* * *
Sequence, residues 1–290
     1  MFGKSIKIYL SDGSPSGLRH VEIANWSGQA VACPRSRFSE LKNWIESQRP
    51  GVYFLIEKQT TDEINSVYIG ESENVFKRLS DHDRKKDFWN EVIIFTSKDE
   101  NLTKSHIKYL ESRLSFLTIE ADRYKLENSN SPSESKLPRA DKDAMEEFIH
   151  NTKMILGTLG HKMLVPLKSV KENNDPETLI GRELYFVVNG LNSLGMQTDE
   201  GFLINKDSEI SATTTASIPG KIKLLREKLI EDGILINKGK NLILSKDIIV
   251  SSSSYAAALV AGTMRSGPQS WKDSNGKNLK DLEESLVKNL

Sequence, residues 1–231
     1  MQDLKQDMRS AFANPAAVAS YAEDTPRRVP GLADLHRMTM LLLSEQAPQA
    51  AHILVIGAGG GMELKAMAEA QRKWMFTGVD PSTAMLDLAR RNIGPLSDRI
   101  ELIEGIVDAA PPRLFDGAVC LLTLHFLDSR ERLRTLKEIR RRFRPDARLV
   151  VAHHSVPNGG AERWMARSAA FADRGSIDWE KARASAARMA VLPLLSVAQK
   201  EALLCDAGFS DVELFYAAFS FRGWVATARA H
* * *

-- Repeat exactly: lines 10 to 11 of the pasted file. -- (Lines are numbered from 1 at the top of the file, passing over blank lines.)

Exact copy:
    51  AHILVIGAGG GMELKAMAEA QRKWMFTGVD PSTAMLDLAR RNIGPLSDRI
   101  ELIEGIVDAA PPRLFDGAVC LLTLHFLDSR ERLRTLKEIR RRFRPDARLV